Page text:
I have, for many years, encouraged mothers to consider co-sleeping. I was part of a group who prepared a co-sleeping brochure "Is your baby sleeping safely?" [2004 BFHI Australia]
Sue Cox explores the complex issue of safe co-sleeping and breastfeeding [see full article], with reference to James McKenna who has written and spoken extensively on the matter:
Professor McKenna defined co-sleeping as not about sharing a physical area, ie a bed, but having the baby within arm's length. He continued on by saying that breastfeeding and co-sleeping are the same adaptive complex designed by natural selection to maximise infant survival and parental reproductive success; there is no documented scientific study to show deleterious consequences of co-sleeping in safe environments; we have come to think of the abnormal as normal; and we are mistaking parental best interests for the infant's best interest. He suggested that current Western beliefs are based on Western European cultural history in which infanticide by 'overlying' existed and was so commonplace that same-bed co-sleeping was outlawed. This cultural history also favoured the notion of romantic love, patriarchal household authority and sanctity of parental privacy.
The claim that bedsharing raises infant death risks originates from the South Australian Coroner's review of the deaths of five babies, aged 3 weeks to 10 months. [full report]
The forensic pathologist has been reported to say that "Western culture had turned co-sleeping into something dangerous. ... in some cultures babies traditionally slept with their parents, but usually on firm bedding or on the floor without the weight of heavy covering."
Rather than a *blanket* outlawing of all co-sleeping, parents need to know where the danger lies. The same principles apply whether the mother is co-sleeping with her baby or placing her baby in another location such as a cot.
Avoid unsafe physical situations:
One of the five babies who died was suffocated when she became entrapped in the cushions at the back of a couch after falling asleep with her father.
Any parent knows about the exhaustion that we all face with the changes in the early days of parenting. It is not safe for anyone to lie on a couch with a baby. It is not safe for a baby to be sleeping in any environment where she can become trapped under or between cushions, pillows or other bedding. It is not safe for a baby to go to sleep lying on a parent who is also falling asleep, or even to let a baby sleep with other children.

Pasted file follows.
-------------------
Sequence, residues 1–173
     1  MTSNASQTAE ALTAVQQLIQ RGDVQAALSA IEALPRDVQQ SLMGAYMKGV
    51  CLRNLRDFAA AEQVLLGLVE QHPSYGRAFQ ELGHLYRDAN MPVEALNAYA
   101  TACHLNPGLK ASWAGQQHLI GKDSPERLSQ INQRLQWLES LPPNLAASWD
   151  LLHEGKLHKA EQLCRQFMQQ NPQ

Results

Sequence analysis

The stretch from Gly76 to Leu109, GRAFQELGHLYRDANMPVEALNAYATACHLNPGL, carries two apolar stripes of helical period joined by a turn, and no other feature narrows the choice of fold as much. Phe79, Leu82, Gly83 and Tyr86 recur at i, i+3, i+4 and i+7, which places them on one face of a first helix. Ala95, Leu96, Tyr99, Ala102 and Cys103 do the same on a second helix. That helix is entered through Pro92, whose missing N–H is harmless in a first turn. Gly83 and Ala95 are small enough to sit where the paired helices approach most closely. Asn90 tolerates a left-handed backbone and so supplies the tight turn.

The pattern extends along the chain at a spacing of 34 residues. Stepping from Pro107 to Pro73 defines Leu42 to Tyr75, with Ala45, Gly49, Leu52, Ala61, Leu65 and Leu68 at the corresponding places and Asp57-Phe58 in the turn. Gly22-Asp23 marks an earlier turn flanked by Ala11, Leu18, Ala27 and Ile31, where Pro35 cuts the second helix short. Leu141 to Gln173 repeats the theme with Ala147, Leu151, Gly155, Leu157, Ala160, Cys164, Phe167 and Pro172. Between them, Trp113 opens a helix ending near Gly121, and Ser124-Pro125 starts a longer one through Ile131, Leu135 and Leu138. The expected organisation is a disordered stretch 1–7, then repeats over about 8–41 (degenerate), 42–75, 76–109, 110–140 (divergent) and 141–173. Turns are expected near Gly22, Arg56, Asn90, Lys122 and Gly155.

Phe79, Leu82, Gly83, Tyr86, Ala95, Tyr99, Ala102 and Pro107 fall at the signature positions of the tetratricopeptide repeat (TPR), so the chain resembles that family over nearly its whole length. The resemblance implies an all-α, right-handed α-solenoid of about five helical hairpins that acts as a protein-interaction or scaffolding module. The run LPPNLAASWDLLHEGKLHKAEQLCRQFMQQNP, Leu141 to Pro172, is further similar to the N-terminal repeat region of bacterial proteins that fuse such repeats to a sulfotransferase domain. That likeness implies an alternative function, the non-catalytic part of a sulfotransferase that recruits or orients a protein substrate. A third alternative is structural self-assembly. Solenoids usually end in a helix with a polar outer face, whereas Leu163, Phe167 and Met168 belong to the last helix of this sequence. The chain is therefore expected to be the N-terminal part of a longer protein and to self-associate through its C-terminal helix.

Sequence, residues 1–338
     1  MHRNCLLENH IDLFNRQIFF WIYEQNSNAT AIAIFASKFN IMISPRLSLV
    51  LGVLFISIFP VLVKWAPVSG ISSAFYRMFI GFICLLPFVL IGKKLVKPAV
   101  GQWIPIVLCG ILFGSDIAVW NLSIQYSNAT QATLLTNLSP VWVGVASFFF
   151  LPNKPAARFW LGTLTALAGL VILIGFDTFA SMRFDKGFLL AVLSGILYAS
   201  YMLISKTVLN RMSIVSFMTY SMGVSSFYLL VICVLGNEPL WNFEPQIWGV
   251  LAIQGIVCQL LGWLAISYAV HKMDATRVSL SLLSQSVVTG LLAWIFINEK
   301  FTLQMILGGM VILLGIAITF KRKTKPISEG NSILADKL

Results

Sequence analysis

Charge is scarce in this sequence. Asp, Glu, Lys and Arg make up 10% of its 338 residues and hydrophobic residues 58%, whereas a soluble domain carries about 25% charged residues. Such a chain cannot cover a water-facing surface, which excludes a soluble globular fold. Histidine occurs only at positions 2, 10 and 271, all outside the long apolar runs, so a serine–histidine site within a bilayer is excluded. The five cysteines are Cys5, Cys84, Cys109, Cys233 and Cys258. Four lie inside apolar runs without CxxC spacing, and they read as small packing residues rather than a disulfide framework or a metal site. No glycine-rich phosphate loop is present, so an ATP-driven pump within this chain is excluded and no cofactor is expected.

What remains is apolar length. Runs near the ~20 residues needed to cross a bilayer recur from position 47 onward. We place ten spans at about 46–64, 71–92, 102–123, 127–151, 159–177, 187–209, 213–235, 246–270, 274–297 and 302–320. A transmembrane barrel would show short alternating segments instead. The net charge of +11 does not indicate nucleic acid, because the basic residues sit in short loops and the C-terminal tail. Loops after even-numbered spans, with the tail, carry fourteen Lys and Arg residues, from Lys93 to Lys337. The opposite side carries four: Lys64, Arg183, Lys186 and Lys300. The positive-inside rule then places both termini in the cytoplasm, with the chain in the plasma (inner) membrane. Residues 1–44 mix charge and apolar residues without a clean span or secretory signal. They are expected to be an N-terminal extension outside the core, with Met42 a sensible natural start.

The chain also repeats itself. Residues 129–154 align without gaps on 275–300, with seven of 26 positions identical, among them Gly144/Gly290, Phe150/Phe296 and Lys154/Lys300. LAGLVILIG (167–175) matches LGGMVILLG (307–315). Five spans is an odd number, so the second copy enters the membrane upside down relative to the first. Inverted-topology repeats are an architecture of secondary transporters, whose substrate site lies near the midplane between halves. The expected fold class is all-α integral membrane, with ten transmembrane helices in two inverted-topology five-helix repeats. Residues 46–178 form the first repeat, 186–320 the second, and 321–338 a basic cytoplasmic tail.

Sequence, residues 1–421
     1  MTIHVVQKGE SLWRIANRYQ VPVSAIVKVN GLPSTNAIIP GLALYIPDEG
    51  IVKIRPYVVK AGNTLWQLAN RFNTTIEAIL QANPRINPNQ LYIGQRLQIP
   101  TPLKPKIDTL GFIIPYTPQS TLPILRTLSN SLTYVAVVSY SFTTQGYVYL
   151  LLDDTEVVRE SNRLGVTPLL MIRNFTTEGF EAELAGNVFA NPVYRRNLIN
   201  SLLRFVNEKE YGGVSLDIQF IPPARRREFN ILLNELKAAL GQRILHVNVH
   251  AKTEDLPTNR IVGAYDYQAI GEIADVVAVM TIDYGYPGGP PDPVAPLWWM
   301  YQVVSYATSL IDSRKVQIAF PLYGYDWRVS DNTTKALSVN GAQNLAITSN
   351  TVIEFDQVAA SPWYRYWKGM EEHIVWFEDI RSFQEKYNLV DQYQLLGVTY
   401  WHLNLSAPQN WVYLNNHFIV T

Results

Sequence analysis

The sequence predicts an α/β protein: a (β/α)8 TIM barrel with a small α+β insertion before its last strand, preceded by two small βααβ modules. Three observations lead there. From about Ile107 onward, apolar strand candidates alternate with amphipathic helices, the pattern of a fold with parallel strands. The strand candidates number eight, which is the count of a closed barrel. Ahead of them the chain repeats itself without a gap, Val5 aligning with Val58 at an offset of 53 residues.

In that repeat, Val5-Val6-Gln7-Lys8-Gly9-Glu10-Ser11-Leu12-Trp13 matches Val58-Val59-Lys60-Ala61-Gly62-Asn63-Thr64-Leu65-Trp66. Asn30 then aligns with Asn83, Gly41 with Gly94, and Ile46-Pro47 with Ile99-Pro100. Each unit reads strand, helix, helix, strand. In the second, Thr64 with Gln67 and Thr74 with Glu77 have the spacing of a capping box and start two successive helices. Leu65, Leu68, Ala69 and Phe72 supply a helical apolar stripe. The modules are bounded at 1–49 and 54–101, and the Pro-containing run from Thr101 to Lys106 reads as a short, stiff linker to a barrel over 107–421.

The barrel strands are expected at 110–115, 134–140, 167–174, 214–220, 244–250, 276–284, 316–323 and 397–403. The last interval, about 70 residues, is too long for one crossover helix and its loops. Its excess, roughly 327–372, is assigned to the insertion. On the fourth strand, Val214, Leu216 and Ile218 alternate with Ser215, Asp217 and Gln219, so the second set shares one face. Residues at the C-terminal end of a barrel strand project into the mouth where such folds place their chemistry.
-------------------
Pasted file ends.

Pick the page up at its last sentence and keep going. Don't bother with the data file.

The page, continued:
Avoid unsafe temperature rise
A baby who is over-dressed, or over heated is placed at danger. Never use an electric blanket or other bed heaters with a baby. When sleeping with a baby, use cotton sheets and wool blankets, which allow air flow and moisture balance, rather than synthetic blankets and quilts/doonas. It is not safe to have pets in a room with a baby.
Avoid unsafe parental situations
Parents who have taken substances that may suppress their ability to respond (eg alcohol, cold medication, sleeping pills), or parents who smoke, should not co-sleep with their babies.
A breastfeeding mother who sleeps with her baby is intentionally responsive to the baby, and will usually form a C-shape with her own body around her child. In this way she will be responsive and alerted by any unusual movement by the child.
Sleep studies have shown mothers and babies interacting significantly while both appear to be sleeping. Mothers who follow intuitive patterns of mothering are able to learn safe sleeping with their infant, as well as being able to put their baby down in a safe place such as a cot for sleep.
Reference [quoted in Sue Cox's article linked above]:
McKenna JJ 1998 Breastfeeding and Mother-Infant Co-sleeping as an Adaptive System: Historical and Biocultural Perspectives. "Breastfeeding The Best Investment," CAPERS August Seminar, Melbourne, Australia.